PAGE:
Film series highlights gender equality
Nestled in the Center for Student Involvement and Leadership on the fourth floor of the Student Union Memorial Center, members of Feminists Organized to Resist, Create and Empower transform the Women’s Resource Center loft space into a small community movie theater. Couches and chairs are rearranged to face the drop-down projector screen, complimentary food and beverages are hauled up and people trickle in. This will happen every other Wednesday this semester as F.O.R.C.E. hosts the Feminist Film Series.
The Feminist Film Series has been around as long as the F.O.R.C.E. internship, a student-run internship centered around gender equality, which is to say, only a few years. Showcasing films that explore feminism was a natural step for the group.
“It’s a really good way for people to connect with it because it’s fun watching a film, and we can always find a lot of documentaries and films that cover a variety of feminist topics, so we have a lot to choose from,” said Caroline Gray, the student director of F.O.R.C.E. and a senior studying English.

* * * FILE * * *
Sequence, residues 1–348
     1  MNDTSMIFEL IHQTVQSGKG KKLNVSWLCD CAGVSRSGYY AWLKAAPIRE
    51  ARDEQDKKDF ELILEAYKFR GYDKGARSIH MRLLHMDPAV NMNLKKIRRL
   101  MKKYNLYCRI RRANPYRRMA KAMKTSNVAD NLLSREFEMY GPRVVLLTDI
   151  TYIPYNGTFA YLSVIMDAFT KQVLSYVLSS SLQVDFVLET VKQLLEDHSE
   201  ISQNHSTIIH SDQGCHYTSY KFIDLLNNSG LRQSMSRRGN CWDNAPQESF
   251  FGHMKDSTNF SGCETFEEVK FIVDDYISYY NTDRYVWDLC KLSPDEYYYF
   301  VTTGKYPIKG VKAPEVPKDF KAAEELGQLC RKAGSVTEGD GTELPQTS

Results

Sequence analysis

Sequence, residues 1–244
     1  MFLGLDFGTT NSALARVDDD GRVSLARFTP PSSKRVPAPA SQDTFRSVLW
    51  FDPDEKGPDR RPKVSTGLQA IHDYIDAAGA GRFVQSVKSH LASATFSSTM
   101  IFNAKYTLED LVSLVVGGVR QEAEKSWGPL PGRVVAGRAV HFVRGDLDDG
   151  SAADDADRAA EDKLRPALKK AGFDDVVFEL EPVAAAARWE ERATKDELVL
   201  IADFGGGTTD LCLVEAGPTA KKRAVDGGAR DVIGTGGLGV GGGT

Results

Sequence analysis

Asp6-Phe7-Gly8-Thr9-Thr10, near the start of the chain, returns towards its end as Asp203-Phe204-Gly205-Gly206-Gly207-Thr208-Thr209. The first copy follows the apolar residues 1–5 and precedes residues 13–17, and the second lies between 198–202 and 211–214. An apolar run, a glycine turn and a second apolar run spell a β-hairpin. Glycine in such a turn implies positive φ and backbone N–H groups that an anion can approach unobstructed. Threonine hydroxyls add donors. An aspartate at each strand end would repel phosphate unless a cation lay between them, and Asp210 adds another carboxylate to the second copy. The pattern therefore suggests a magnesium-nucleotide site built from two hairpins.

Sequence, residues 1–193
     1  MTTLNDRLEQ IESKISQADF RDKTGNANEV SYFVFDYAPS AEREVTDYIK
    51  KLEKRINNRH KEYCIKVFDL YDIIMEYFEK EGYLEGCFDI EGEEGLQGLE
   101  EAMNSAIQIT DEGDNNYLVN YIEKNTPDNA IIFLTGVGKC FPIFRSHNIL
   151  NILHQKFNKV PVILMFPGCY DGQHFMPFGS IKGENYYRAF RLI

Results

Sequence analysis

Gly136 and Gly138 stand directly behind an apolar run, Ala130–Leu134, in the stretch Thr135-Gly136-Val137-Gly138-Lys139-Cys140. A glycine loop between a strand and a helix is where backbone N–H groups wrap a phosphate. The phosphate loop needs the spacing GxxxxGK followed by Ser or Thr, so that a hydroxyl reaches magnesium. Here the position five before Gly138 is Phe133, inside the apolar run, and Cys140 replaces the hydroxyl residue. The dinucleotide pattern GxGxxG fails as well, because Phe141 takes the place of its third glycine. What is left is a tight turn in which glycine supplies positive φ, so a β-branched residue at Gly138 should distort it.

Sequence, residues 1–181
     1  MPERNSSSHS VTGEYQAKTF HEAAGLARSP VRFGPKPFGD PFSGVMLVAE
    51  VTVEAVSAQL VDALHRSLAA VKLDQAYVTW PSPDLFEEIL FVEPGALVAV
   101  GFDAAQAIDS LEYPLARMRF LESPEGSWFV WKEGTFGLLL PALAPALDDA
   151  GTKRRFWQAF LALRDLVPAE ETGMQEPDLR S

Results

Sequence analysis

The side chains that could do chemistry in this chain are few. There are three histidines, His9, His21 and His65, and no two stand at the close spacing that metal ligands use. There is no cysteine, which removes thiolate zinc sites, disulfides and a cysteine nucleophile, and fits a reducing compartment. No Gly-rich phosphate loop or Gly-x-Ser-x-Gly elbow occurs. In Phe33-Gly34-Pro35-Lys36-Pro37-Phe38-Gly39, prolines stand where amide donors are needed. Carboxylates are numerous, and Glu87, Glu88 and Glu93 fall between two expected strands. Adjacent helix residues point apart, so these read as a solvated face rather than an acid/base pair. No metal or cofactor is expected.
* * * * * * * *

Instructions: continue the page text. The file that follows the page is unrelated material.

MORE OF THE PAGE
Though all the films shown are documentaries, they cover a wide breadth of subject matter. The two that have already been shown are vastly different. “Women Aren’t Funny” focuses on the sexism that women face in the comedy industry, and “Live Nude Girls Unite!” recounts how the strippers of the Lusty Lady in San Francisco unionized.
“We think that feminism is for everybody and it should be acceptable … It’s just to get people thinking critically about some issues,” said Paloma Phelps, a psychology senior and the F.O.R.C.E intern who heads the film series.
Lili Steffen / The Daily Wildcat F.O.R.C.E is hosting a Feminist Film Series in the Women's Resource Center, Tuesday. The WRC is located in the Center for Student Involvement and Leadership on the 4th floor of the Student Union Memorial Center.
For those who know nothing about the topics at hand or who may feel intimidated by the subject matter, the series acts as a first step.
“We structure our programming so it’s like a level of knowledge of feminism, so our Feminist Film Series is kind of the intro to feminism,” said Kelly Ancharski, who studies political science and French and is a F.O.R.C.E. intern.
The series is also meant for those who feel they have a grasp on the ideas and principles of feminism, and to clarify ideas that may be portrayed inaccurately by the media.
“With all the noise around us, the different kind of media messages, there needs to be something else that’s a little outside the mainstream,” Phelps said, “and I think that it should be taking place in a safe environment.”
The film series is a way for F.O.R.C.E. to spread its message far and wide, encompassing as many different groups of people as possible.
“We always love to see new faces, and we have so many different films showing,” Gray said. “It would be great for someone to just come and check it out … We really want to diversify the feminist experience on campus.”